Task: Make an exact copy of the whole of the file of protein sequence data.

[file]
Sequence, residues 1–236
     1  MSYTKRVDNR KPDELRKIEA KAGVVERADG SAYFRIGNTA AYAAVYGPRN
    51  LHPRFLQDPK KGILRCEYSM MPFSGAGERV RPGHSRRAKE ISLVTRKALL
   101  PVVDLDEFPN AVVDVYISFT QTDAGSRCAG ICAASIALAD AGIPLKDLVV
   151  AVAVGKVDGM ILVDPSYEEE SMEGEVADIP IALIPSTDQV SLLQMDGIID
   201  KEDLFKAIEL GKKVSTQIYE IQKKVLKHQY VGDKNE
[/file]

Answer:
Sequence, residues 1–236
     1  MSYTKRVDNR KPDELRKIEA KAGVVERADG SAYFRIGNTA AYAAVYGPRN
    51  LHPRFLQDPK KGILRCEYSM MPFSGAGERV RPGHSRRAKE ISLVTRKALL
   101  PVVDLDEFPN AVVDVYISFT QTDAGSRCAG ICAASIALAD AGIPLKDLVV
   151  AVAVGKVDGM ILVDPSYEEE SMEGEVADIP IALIPSTDQV SLLQMDGIID
   201  KEDLFKAIEL GKKVSTQIYE IQKKVLKHQY VGDKNE